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This evening we were on a flight home from Portland when i looked out my window and nearly in my lap was Mt Hood. I have flown by it multiple times but never as close as today. As we were marveling at Mt Hood further behind was Mt St Helens. Both were completely isolated from the ground, no other mountains around them, floating on a sea of clouds.

I love flying. Since 1998 I have logged more than a million and a half miles with Delta. During the height of my traveling days I was on the road about 120 days a year. When I slowed down to 80 or 90 days a year I used to have moments when I stopped dead in my tracks with that momentary heart-sink feeling trying to figure out what flight I had missed. When I was home more than a few days before flying out again I began to have a vague background worry that I was missing something.

Of course, during that time what I was missing was what went on at home. For years I stumbled in, hung my suits in the closet, dumped the rest of the clothes in the hamper, slept at home a few days, tended to mountains of paperwork, packed my suites and my now-clean clothes that my spouse had washed and went out again.

During my professional career in Idaho, when I flew out of Pocatello, there were two options for destinations. I could be headed to Boise on Horizon Air or to Salt Lake City on Delta. I remember once asking a fellow passenger, “Where is this plane headed?” They were too shocked to respond. A quick look around the plane reminded me that it was a Delta plane so I must be going to Salt Lake City. I still could not remember where I was headed after that.

I traveled less in the last few years before I retired but I still managed to log 75,000 or more air miles per year. Some of those were to see family but a lot were still work. This year I am struggling to keep my elite flyer status. I just don’t have enough places to go to pack in my 75,000 miles. We knew that we would travel less after retiring because we did not need to do business travel and because our household income could no longer support the personal travel we had grown accustomed to.

Between January 1 and May 25 I did not sleep anywhere but whatever we called home at the time. I did not get on an airplane for 144 days. In fact, I had not gone farther away from home than 25 miles for 144 days.

On our trip to Portland we spend time with folks who had known me during my heavy travel days. When I noted that I had not been on an airplane for 5 months it was a sobering moment for all of us. My life really had changed.

The wildfire that burned our home has been such a dramatic part of our lives for the past two years that things like not being on an airplane for a third of a year faded into the background. In fact, in those 144 days I had not been farther than 25 miles from home and that only a few times, mostly to go to the doctor. The house and all of the tasks of finally getting our lives re-constructed completely after the fire have been all consuming.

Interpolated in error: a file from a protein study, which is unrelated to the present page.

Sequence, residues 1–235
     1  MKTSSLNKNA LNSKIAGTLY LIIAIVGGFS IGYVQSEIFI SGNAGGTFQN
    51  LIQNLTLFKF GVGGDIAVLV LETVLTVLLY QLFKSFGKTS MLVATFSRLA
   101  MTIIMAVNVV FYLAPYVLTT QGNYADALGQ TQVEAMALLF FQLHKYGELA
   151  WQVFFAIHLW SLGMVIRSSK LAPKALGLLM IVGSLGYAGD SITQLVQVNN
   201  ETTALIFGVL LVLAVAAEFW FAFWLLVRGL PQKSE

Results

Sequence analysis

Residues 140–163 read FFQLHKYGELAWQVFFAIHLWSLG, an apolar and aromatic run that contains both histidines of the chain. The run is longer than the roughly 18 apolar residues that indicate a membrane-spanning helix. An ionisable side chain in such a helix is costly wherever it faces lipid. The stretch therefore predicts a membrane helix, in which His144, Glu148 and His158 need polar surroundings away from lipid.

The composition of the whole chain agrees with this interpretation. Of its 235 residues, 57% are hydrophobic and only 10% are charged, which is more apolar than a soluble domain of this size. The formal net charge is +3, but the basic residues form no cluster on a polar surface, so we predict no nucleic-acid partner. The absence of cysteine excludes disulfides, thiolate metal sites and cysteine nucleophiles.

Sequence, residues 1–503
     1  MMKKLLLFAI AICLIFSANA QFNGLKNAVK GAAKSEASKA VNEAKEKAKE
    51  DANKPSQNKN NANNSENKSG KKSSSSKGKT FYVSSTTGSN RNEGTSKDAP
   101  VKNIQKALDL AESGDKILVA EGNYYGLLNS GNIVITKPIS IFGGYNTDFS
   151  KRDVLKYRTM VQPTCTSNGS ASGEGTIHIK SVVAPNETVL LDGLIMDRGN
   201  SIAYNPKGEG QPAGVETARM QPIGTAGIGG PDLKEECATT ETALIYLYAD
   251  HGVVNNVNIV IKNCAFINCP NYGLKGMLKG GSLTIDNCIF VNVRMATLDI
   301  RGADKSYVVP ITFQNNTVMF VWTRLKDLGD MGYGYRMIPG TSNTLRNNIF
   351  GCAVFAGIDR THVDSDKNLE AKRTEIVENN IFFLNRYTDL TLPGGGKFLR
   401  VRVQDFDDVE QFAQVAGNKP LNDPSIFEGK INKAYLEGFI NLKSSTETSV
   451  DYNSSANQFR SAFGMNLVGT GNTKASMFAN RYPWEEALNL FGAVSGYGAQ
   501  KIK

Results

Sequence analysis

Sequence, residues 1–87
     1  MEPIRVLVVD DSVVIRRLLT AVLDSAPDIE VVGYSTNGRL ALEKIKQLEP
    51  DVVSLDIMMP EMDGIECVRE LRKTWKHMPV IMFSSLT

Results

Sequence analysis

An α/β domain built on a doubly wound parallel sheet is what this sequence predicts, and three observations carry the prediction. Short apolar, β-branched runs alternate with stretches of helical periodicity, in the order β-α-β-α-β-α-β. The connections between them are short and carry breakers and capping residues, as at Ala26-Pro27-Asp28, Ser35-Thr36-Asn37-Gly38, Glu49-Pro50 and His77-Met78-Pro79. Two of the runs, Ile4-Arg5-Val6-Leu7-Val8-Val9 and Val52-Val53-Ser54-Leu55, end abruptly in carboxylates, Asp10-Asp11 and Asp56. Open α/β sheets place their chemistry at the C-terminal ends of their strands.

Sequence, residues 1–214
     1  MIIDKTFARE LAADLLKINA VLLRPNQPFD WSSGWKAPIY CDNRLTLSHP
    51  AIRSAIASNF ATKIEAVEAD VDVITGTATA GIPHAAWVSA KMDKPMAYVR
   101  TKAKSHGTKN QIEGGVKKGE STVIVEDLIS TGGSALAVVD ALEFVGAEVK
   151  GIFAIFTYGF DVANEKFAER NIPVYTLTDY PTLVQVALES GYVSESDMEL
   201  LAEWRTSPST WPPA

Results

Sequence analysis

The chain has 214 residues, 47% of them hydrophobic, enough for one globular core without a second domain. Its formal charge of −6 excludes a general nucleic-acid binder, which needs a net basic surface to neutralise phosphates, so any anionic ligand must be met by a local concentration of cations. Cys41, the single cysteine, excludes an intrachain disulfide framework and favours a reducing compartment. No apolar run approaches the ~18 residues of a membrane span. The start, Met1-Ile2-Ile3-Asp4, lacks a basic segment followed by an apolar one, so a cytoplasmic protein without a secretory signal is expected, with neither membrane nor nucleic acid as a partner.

I have tried to figure out how I feel about not being on the road. Back then I got tired but I really liked the travel part of my job. Not all of the trips and not all of the time but being able to connect to colleagues and projects across the world was exciting. Sometimes I dragged myself to the plane and once I even overslept so badly I missed my plane completely. Mostly though I looked forward to the travel.

Since the fire I have looked forward to being home. For nine months after the fire the only travel we undertook was to family and even that was limited. We finally went on a trip on March and then one in May but neither were what we had hoped they would be. We just wanted to stay home. We wanted to have a home.

Tonight when the plane its final approach we looked out the window and saw our mountains. As breathtaking as Mt Hood had been our valley and mountains were ours. We were coming home. When the plane door opened and we stepped out into the brisk air and stood on the tarmac waiting for our carry-on suitcases that would not fit inside the small plane, the cold, wet wind felt good to me.

As we drove from the airport toward our town and then continued west out of town to our house it was good to be coming home. It was only the second time I have flown in and headed to our house rather than to a hotel or holiday condo so it is still new and unique.

I thought about floating on that sea of clouds with Mt Hood and Mt St Helens. I thought about their isolated beauty when no other geographical feature showed but theirs. The beauty was tempered by my recognition of how the smoke from the fire was like the clouds. It had set me out like Mt Hood and Mt St Helens. airel view of Mt Hood and Mt St Helens showing just their peaks above a blanket of clowdsMy head was above the smoke and it was clear around me but I could not distinguish well the features of my life on the ground as they churned around in the smoke.

The smoke from the fire is mostly gone. I may never clear completely but now that we have a place to come home to, and the feeling that we belong here, I can venture out again. I can be out there knowing there is a home waiting for me to return.